Whether it’s in the airport or at a hotel, biometrics is influencing travel more than ever. Nora Blomefield of digital security company, Gemalto, looks at how the technology is evolving.
Over the past decade, technology has accelerated the transformation of travel and empowered all players in the industry in their quest to deliver a frictionless travel experience for their customers.
One of the key areas of innovation in this space is removing the hassle from the different checkpoints passengers go through in airports, train stations or even at hotel receptions.
Security checks at airports or in train stations have traditionally led to lengthy queues and unnecessary hold-ups, often causing stress when travellers should be looking to unwind.
But today’s technology is helping to expedite passenger checks and create a relaxing and secure environment. In particular, leveraging the unique physical biometric data of customers for identification is leading the change against traditional methods of border control and station management.
Facial recognition software and fingerprint scanning technology is not new to the industry, but the worldwide rollout has been slow and is only just gathering pace.
Acceleration has been tied to the rise of biometric technology in consumer gadgets, such as smartphones and gaming consoles, but there’s a capacity issue here too.
According to Iata, by 2037, it’s estimated that 8.2 billion people will pass through airports around the world, nearly double what is expected this year.
Current airline terminals are not equipped to deal with such exponential growth and so biometric technologies, mainly in the form of facial recognition, but sometimes fingerprint and iris scanning, can provide a solution that not only manages such heavy traffic but also does not impact the overall consumer experience.
Facial biometrics has the advantage of offering a non-intrusive, on-the-go verification method that allows passengers to avoid any additional delays to their journey while providing authorities with trustable data.
For airports and airlines, biometric technology offers a great opportunity to improve the passenger experience.
To make this a reality, industry leaders have transformed traditional customer pain points, such as border control – the automated border control market is growing because of the wider adoption of self-service and facial recognition technology.
But biometric verification is expanding to help streamline airline processes too. For example, renowned industry leaders, such as British Airways, are turning to biometric boarding solutions to ensure its passengers benefit from the smooth and secure process of ID verification that facial recognition software provides.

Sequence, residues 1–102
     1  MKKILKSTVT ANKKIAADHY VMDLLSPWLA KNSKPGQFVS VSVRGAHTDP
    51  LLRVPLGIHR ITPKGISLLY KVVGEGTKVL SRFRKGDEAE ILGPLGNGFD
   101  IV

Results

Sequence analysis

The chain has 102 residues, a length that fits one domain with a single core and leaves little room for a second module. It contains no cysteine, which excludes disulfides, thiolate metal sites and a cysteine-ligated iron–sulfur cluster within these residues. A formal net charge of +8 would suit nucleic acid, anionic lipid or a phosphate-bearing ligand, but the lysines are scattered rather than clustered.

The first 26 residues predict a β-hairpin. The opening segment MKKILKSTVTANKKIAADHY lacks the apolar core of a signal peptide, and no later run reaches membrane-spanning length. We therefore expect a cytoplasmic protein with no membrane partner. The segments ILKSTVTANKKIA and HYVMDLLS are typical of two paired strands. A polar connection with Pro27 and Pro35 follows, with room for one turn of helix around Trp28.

So much so, that British Airways now claims that it can board a plane full of 400 passengers in just 22 minutes using facial recognition technology.
Such transformation is not confined just to airports. Hotels have also thrown their hat into the facial recognition technology ring.
A property in Japan called The Henn Nahas recently become the world’s first robot-staffed hotel, using AI and facial recognition software to answer customer enquiries and check-in customers automatically.
The travel and tourism industry can lead the deployment of biometric technology to improve its service and deliver an enjoyable and efficient experience. But in order to do this, the industry needs to build trust using biometrics across multiple touch points with the customer.
This trust depends on two main things: choosing biometric systems that are underpinned by strong security and can be scaled effectively, and the willingness of different stakeholders to work together on integrated processes and shared key performance indicators (KPIs).
These solutions must replace siloed, independent systems that will fail to bring the ultimate, frictionless experience to travellers and consumers.
In fact, countries are already legislating to ensure that they can reap security and convenience benefits.
For example, the upcoming EU Entry-Exit System (EES) will be deployed in 2021 and will ask member states to collect facial data as well as four fingerprints from all third-country nationals, entering or exiting one of the 26 states.
Not only will this substantially improve how nations track and record immigration, but it will provide an efficient system that minimises delays as well as spot travellers overstaying their visa.